What Can I Do About Parental Alienation?

Parental alienation can be very difficult to prove in court. However, if you can provide evidence and make strong arguments, you may be able to convince the court to intervene, possibly by changing the custody arrangements.

To gather evidence of parental alienation and make a compelling case in court, you should follow these steps.

Keep a Record of Events

Write down the date and circumstance any time you believe you were denied rightful access to your child. You should also record any incidents where your ex lied about you or spoke negatively about you in front of your child. If you end up in court, the records you’ve kept may help establish patterns of alienating behavior and convince a judge to intervene.

Create a Paper Trail

Hold on to emails, texts, and other communications in which you asked to see your child or discussed legal arrangements. Not only does this prove your effort to maintain your relationship with your child, but it could provide valuable proof if your ex lies about these conversations or doesn’t keep to their word.

Explore Counseling

An experienced therapist who has training in family issues should know about parental alienation and understand how to fight it. If you suspect parental alienation or see it starting to happen, talking with a therapist can be a valuable step. Not only will therapy give you and the child tools and vocabulary to address the issue, but it will also show that you’re working to improve the situation.

You may even want to consider asking the other parent to attend counseling sessions with you. These sessions can be joint or occur separately. Either way, it could lead to valuable progress. And making these types of efforts can only help your custody case, no matter how your ex responds. If you make a legitimate attempt to reach out and your ex refuses, a court may look favorably on your efforts in a future hearing.

Act Fast and Be Tenacious

Fighting against parental alienation can feel frustrating and exhausting, especially when the problem has become severe. However, you wouldn’t give up if the threat to your child were related to health or safety, so don’t give up here. Your relationship with your child, as well as their overall wellbeing, are at stake.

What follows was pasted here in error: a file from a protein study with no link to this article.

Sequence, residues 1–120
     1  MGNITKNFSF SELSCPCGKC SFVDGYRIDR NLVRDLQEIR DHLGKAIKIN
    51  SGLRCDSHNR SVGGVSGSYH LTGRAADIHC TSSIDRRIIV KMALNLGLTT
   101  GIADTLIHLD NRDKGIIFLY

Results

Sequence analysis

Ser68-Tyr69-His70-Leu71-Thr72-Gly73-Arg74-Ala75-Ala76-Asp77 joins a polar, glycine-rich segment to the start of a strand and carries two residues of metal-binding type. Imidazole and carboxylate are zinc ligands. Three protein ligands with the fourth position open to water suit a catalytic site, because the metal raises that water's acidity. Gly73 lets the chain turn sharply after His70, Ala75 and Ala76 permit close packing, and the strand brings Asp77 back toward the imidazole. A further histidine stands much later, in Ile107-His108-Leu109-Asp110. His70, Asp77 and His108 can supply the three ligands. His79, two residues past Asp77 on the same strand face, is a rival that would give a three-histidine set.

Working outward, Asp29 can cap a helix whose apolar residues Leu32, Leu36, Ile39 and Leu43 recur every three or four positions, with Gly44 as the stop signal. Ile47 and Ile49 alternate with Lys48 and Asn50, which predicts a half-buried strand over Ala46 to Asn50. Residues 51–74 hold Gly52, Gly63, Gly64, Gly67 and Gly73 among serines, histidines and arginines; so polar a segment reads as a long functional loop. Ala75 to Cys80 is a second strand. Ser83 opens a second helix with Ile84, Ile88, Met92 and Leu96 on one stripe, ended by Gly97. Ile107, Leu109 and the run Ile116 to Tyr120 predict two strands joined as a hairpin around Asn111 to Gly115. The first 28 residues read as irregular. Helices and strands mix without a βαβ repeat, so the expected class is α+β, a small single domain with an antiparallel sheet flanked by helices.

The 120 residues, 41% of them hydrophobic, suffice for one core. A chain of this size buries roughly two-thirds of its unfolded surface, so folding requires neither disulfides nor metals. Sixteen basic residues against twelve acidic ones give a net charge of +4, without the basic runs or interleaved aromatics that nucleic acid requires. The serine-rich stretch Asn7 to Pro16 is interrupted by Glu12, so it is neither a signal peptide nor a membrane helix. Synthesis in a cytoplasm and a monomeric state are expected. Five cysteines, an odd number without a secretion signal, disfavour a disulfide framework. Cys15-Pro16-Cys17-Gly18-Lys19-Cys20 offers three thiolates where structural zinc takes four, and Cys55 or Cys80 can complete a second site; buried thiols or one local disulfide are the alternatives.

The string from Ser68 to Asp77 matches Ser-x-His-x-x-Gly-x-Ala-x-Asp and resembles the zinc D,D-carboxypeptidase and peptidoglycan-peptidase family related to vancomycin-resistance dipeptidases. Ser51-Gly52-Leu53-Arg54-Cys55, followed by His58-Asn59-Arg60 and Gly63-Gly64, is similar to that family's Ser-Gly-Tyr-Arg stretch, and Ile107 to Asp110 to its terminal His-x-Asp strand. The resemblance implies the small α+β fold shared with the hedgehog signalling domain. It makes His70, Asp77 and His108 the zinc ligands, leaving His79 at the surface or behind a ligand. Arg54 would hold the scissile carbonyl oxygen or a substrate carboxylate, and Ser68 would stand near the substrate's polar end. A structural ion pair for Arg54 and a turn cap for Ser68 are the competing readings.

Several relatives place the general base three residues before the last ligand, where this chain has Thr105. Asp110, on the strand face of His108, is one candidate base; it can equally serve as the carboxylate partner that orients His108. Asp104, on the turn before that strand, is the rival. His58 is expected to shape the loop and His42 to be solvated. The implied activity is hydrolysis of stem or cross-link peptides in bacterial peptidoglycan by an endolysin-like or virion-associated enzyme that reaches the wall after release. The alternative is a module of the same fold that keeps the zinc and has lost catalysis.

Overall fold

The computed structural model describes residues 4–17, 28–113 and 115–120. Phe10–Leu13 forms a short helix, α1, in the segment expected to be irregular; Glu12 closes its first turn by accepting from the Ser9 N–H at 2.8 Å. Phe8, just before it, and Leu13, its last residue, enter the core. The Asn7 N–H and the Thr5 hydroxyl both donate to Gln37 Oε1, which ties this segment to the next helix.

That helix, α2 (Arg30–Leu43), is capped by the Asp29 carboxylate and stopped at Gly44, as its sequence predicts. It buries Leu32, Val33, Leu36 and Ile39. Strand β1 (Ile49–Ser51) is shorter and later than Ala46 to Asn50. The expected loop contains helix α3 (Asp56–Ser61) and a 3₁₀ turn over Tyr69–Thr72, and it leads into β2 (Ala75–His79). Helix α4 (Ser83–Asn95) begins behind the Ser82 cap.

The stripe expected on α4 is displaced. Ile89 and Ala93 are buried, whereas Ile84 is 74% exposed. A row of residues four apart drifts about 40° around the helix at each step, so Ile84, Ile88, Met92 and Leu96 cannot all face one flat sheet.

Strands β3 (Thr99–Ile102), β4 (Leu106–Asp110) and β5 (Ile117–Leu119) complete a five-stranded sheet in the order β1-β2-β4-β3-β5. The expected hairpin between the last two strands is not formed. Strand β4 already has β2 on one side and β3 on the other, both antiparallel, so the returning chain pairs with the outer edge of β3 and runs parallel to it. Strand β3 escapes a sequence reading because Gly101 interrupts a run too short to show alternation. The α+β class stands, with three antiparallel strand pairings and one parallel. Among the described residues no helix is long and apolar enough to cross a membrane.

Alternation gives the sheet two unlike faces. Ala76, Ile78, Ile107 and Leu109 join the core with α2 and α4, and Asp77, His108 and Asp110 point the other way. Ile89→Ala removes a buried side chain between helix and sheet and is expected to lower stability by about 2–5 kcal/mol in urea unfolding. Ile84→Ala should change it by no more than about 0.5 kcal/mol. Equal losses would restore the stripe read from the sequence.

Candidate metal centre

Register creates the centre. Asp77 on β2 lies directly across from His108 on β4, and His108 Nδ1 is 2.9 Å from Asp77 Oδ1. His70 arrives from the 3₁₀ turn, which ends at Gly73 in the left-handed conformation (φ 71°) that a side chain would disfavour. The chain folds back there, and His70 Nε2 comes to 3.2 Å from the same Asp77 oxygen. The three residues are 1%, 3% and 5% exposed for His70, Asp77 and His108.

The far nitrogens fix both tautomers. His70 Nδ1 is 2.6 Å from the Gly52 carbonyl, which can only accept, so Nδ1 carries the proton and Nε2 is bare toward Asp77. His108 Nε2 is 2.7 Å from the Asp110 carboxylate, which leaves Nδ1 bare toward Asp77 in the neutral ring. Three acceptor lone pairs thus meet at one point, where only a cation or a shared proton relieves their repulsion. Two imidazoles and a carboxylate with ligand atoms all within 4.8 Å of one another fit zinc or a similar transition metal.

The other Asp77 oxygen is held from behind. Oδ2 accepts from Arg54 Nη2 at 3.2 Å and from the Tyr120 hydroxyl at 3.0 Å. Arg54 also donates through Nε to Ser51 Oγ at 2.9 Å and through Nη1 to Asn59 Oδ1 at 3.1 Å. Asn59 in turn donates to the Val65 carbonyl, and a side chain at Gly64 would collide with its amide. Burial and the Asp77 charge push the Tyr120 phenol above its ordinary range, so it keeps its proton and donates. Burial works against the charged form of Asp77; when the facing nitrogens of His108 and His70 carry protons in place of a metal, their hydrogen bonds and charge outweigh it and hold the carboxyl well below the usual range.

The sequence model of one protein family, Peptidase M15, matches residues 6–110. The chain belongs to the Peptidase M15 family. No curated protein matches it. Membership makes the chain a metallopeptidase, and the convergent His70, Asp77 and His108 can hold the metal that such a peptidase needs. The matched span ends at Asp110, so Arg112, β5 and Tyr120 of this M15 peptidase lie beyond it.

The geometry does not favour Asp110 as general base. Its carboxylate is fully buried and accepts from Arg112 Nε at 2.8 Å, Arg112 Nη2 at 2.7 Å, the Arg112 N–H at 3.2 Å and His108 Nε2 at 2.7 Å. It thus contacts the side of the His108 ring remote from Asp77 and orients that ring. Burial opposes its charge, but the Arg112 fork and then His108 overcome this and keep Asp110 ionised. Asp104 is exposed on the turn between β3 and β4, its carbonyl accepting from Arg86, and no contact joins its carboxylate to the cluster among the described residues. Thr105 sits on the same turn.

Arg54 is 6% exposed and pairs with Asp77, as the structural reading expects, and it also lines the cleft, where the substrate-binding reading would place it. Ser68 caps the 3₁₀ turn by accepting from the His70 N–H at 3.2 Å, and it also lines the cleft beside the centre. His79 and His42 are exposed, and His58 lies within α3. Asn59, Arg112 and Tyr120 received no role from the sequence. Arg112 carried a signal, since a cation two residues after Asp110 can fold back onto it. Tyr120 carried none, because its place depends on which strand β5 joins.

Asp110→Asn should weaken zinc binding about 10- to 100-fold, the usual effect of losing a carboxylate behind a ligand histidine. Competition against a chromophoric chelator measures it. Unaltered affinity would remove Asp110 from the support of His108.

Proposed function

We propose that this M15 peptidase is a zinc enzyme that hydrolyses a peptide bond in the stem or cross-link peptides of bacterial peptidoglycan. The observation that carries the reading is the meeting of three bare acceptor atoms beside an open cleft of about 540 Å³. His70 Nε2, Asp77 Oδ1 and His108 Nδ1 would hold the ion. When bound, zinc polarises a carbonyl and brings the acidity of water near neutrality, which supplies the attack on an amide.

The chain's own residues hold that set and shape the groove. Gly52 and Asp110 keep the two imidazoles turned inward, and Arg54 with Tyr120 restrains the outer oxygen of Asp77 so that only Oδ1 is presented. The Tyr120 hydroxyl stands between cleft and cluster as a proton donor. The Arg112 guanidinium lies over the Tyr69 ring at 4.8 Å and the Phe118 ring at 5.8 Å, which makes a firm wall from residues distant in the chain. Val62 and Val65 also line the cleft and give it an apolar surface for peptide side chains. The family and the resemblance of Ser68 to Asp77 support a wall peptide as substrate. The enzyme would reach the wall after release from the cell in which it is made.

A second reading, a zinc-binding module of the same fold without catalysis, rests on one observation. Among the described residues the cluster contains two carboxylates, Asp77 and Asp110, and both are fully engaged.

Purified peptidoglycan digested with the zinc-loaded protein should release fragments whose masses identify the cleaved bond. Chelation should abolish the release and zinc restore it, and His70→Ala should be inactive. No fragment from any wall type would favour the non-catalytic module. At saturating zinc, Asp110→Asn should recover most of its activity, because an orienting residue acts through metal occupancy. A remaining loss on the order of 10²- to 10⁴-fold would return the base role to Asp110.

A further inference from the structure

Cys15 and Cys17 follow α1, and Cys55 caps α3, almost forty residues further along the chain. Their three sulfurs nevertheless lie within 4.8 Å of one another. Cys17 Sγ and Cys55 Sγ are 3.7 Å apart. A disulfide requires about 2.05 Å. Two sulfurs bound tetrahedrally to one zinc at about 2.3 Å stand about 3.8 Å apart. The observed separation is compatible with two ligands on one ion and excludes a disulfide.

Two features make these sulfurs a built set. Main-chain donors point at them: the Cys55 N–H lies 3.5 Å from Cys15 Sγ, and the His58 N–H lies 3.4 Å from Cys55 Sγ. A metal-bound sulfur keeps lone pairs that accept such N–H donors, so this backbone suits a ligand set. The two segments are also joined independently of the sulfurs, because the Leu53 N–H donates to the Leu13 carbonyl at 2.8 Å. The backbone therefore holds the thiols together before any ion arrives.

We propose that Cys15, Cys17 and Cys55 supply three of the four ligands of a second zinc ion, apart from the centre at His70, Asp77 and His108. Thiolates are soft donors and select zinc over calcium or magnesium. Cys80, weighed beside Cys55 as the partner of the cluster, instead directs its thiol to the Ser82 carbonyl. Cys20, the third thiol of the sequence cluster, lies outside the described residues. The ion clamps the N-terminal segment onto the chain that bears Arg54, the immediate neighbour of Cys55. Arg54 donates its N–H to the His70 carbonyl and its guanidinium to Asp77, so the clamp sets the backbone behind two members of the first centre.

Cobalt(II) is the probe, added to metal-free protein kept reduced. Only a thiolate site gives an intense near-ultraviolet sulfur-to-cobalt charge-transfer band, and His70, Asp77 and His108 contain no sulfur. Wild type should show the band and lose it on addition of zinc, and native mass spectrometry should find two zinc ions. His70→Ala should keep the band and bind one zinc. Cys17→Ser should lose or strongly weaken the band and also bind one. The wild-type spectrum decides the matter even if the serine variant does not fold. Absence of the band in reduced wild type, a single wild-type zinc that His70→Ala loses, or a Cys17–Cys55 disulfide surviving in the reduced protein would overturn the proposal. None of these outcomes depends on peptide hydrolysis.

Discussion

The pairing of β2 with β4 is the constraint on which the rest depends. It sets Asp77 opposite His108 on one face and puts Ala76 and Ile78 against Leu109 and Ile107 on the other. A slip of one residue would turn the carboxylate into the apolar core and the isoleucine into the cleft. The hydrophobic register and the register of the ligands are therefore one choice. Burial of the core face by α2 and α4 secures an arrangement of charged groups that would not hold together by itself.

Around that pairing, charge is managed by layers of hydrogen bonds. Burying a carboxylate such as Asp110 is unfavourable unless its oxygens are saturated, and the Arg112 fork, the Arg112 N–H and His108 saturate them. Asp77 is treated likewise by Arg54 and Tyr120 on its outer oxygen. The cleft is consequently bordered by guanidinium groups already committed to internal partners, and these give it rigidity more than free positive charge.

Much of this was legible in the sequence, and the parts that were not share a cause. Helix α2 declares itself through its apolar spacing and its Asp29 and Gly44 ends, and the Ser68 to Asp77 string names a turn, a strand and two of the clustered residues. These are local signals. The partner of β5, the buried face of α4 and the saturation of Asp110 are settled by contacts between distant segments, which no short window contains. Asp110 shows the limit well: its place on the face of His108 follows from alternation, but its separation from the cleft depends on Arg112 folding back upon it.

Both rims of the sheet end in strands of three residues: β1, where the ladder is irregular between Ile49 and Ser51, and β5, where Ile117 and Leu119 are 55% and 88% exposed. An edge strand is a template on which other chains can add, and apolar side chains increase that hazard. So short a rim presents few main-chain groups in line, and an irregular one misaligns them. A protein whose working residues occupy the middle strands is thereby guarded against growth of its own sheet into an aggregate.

Remember also that it’s important to address parental alienation as soon as possible. If your ex succeeds in damaging your relationship with your child, it can create a vicious cycle. Your ex may claim that you’re spending less time with your child because you don’t care, which may drive your child further away. It’s never too late to try and repair the damage done by alienation, but it’s also never too early to

Don’t Fight Bad Behavior With Bad Behavior

If you believe your ex is trying to harm your relationship with your child, the worst thing you can do is to respond in kind. Do not talk badly about your ex in front of your child, and don’t try to keep your child away from the other parent in violation of a custody order or agreement. Remember that when you take the high road, the law is on your side. Family court judges do not take kindly to parents violating court orders or badmouthing each other in front of their children. If your ex is engaging in these behaviors and a judge finds out, your ex will be in trouble. But if you start behaving the same way, all your leverage will be gone.

Talk to an Experienced Family Law Attorney

As mentioned, parental alienation can be difficult to prove in court. However, an experienced attorney should have the resources and training required to identify parental alienation and bring it to light in court. Sometimes, a lawyer can help you address the problem without even going to court. Your attorney can communicate with your ex and let them know you have representation and are dead serious about fighting for your relationship with your child, which may make your ex think twice before continuing to lie and manipulate.

RELATED: 5 Child Custody Myths, Debunked

Myers Law Firm Can Help With Parental Alienation and Child Custody Issues in Charlotte, North Carolina

At Myers Law Firm, we understand parental alienation and other complicated issues that come up during a separation or divorce. We have years of experience guiding clients through family law matters, and we can come up with practical, affordable legal strategies to address whatever needs and challenges you’re facing.

To schedule your initial consultation with an attorney from our team, please call us at 888-376-2889 or use the simple contact form on our website.

The content provided here is for informational purposes only and should not be construed as legal advice on any subject.